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Waist-hip ratio or Waist-to-hip ratio (WHR) is the ratio of the circumference of the waist to that of the hips. It measures the proportion by which fat is distributed around the torso. The concept and significance of WHR was first theorized by evolutionary psychologist Dr. Devendra Singh at the University of Texas at Austin in 1993. 
Measuring[edit | edit source]
To calculate the ratio, use a non-stretchable tape. Make sure it is level around the body, parallel to the floor, and tighten it without depressing the skin. Measure the waist at its narrowest point width-wise, usually just above the belly button. Measure the hips around the widest part of the hip bones. Then divide the waist measurement by the hip measurement.
Health[edit | edit source]
A WHR of 0.7 for women and 0.9 for men have been shown to correlate strongly with general health and fertility.[How to reference and link to summary or text] Women within the 0.7 range have optimal levels of estrogen and are less susceptible to major diseases such as diabetes, cardiovascular disorders and ovarian cancers.[How to reference and link to summary or text] Men with WHRs around 0.9, similarly, have been shown to be more healthy and fertile with less prostate cancer and testicular cancer.[How to reference and link to summary or text]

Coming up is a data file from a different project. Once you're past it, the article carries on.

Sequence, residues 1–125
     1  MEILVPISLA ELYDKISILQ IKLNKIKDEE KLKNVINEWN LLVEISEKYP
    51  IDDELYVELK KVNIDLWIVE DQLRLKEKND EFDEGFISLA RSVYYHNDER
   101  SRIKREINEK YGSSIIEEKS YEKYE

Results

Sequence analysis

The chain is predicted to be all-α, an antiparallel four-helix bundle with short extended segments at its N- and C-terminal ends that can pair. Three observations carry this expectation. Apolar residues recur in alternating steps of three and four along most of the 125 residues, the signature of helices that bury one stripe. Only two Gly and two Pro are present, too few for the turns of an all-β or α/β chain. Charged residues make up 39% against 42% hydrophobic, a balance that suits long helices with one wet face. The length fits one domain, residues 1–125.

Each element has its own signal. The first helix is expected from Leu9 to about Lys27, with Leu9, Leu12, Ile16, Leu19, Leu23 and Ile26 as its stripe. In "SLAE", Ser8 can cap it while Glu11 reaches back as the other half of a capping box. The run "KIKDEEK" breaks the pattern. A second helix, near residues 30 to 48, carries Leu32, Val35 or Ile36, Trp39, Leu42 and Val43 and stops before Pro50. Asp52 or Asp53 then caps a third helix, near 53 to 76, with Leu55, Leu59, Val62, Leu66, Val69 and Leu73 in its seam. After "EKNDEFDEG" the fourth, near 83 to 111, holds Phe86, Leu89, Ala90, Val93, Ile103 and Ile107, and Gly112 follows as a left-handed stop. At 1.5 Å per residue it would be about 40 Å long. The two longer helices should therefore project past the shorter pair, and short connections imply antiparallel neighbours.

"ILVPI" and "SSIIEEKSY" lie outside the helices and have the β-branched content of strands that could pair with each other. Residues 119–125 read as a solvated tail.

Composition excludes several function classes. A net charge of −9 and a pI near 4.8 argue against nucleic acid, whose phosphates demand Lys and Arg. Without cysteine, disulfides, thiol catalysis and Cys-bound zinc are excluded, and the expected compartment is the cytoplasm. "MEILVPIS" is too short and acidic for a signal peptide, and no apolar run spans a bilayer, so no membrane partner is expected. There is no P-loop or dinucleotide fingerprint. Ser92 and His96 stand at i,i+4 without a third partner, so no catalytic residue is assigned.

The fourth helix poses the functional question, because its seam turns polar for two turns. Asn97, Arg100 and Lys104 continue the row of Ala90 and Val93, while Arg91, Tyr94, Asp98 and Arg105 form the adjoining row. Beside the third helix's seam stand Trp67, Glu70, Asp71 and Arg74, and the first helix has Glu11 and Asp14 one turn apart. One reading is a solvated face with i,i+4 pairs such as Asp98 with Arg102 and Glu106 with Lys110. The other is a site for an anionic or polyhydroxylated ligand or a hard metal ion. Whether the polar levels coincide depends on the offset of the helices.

WHR is a better measure of assessing a person’s risk of heart attack than Body mass index (BMI). If obesity is redefined using WHR instead of BMI, the proportion of people at risk of heart attack worldwide increases threefold.
Attractiveness[edit | edit source]
WHR is considered to be factor in a person's attractiveness. Devendra Singh originally argued that, on evolutionary grounds, men would find women with .70 WHRs more attractive. He argued this based on a study of the WHRs of Playboy models. However, later research found that his study was incorrect.
Women with a 0.7 WHR (waist circumference being 70% of the hip circumference) are sometimes rated as more attractive by men. Such diverse beauty icons as Marilyn Monroe, Sophia Loren, and even the Venus de Milo all have ratios around 0.7, even though they have significantly different weights.
Artificial alteration[edit | edit source]
Many methods have been used to artificially alter a person's apparent WHR. These include corsets used to reduce the waist size and hip and buttock padding used by cross-dressers to increase the apparent size of the hips and buttocks.
See also[edit | edit source]
References[edit | edit source]
- "Adaptive significance of female physical attractiveness: Role of waist-to-hip ratio." Journal of Personality and Social Psychology, 65
- American Journal of Clinical Nutrition August 12,2006
- Obesity and the risk of myocardial infarction in 27,000 participants from 52 countries: a case-control study. The Lancet, Nov. 5th 2005
- es:Índice cintura/cadera
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